There are no North at all on the South Korean maps: even in primers, only Hanguk is offered as a homeland for children - South Korea is South Korean. Self Northern - Pukhoson. “Puk” is the north, “Chosun” is an ancient word for the Korean state. In the North Korean textbooks of geography, the southern part of the country is Namchoson: also “Chosun”, but only “Us” - the south. On the northern maps there are both Seoul and other areas of the country - in accordance with the administrative division adopted in the South. This largely explains the lack of remorse among the traitors of the motherland: they do not flee abroad, but to their own Korea. And they discover that the Korean brethren have long forgotten about them. Rather, pushed to the periphery, as a person displaces dirty and scary images that pop up from the depths of the subconscious.
- If you ask an ordinary South Korean student about Pukchoson, he will look with surprise and ask: where is it? It seems to me that this is not the best policy if a country wants unification, ”23-year-old Kim Hyansuk, who ran for her mother, wonders.
At the official level in South Korea, of course, they talk a lot about unification, but in reality no one wants it:
“For South Korea, there is nothing worse than entering the war and winning it,” says Andrei Lankov. - North Korea, of course, will lose, but before that it will have time to do enough artillery volleys to destroy half of Seoul, which is located 50 kilometers from the border. And after that, the government will have to not only rebuild the city, but to do something with 20 by the millions of northerners who really want to eat and are used to voting for whom they will say. Take the example of East and West Germany and multiply it by ten. For a South Korean public figure to say that he does not want unification is political suicide. But for the country itself, suicide is unification.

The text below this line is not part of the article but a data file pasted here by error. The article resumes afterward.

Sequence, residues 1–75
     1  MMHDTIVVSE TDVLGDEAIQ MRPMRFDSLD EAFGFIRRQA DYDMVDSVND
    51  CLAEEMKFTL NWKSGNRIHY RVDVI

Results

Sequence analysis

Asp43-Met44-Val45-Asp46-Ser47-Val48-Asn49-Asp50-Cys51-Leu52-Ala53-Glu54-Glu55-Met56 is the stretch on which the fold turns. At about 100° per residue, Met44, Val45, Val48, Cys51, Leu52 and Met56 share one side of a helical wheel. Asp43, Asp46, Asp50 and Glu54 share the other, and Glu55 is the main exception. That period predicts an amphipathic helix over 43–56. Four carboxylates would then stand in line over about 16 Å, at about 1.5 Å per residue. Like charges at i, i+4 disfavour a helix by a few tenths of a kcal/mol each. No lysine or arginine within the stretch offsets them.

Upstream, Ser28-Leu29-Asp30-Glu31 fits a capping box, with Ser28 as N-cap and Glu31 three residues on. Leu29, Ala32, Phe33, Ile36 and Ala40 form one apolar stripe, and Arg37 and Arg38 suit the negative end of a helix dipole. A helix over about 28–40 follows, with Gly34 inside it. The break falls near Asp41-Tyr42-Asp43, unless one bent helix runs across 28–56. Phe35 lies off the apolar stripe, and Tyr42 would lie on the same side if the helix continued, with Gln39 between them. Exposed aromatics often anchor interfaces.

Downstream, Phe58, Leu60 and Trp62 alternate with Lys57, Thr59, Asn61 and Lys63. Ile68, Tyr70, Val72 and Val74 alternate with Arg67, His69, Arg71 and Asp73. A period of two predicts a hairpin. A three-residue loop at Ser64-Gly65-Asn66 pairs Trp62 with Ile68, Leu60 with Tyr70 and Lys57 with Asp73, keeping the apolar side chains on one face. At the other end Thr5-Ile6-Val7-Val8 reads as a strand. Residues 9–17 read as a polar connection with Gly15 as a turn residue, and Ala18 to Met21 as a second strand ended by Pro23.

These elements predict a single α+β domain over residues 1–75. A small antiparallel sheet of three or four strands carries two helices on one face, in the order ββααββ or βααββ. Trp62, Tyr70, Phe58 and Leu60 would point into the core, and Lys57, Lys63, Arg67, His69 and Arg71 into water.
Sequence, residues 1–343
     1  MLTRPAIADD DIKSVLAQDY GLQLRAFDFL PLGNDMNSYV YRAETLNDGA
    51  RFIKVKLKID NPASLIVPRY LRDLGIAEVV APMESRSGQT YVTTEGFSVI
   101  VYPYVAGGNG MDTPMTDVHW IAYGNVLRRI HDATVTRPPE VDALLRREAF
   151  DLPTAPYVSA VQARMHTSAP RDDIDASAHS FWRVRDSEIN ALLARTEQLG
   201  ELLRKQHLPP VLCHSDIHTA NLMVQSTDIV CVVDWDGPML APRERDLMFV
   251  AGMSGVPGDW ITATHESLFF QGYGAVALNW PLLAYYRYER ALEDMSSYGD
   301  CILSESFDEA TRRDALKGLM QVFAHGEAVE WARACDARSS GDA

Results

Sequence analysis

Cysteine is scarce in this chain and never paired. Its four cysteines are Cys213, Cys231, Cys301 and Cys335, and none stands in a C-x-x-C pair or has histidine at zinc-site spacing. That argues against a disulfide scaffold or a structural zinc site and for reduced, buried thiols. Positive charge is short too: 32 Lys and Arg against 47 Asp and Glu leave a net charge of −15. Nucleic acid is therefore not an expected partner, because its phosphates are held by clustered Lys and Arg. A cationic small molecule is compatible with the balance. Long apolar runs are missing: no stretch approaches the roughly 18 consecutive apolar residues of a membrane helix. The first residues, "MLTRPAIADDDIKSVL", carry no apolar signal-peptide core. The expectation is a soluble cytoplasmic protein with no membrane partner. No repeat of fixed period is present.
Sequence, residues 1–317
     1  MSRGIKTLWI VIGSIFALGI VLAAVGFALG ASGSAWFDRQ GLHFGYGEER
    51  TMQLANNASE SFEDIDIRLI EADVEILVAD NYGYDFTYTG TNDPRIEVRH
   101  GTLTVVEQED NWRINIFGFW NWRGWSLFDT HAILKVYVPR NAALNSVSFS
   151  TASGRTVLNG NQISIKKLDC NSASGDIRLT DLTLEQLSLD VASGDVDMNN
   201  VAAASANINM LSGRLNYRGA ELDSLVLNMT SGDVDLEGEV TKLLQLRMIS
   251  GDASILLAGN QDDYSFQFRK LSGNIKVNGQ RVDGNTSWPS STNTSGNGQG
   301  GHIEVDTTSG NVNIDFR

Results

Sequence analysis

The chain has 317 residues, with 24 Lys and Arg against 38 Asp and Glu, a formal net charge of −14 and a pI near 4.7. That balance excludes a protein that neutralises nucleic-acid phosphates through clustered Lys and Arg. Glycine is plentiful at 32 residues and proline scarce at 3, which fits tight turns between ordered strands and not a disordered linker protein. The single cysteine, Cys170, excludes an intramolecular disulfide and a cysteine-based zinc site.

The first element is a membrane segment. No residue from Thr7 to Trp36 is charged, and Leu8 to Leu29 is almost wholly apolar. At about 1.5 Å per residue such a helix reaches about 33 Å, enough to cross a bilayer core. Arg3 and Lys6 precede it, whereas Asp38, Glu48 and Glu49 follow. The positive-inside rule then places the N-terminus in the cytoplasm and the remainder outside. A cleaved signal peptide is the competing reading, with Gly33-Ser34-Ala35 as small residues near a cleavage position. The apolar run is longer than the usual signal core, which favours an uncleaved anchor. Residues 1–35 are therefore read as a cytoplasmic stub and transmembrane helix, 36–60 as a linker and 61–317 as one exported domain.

The most guarded frontier in the world has long become Disneyland. American guides lead tourists to military sites. You can take a picture with the border guard, you can even stand on the territory of North Korea - in the meeting room, which is de facto all on the UN territory: the border formally passes through the table. You can throw a coin and look through binoculars at the misty outlines of the northern Potemkin villages, which Southerners show almost like their own pride. In the village on the other side, the lights have been turned on and off for many years to show that someone lives there. But for the South Korean eye, this outdated attraction cannot be compared with the PSY concert.
The Korean contrast is striking precisely because it seems to be a radical expression of what happened in the world at all. The twentieth century, with its horrors, questions of life and death, which are staggering in the stories of refugees, suddenly turned out to be marginal and not interesting to anyone. Consumer paradise in these categories does not need.
In the souvenir shop on the border, I buy a beautiful military bag with pockets and a bottle of North Korean alcohol. Next to me, a middle-aged man from Seoul takes a sip - he tastes North Korea. Frowns, swears, but does not throw the bottle. He says that he will put it at home in the kitchen. For patriotic reasons.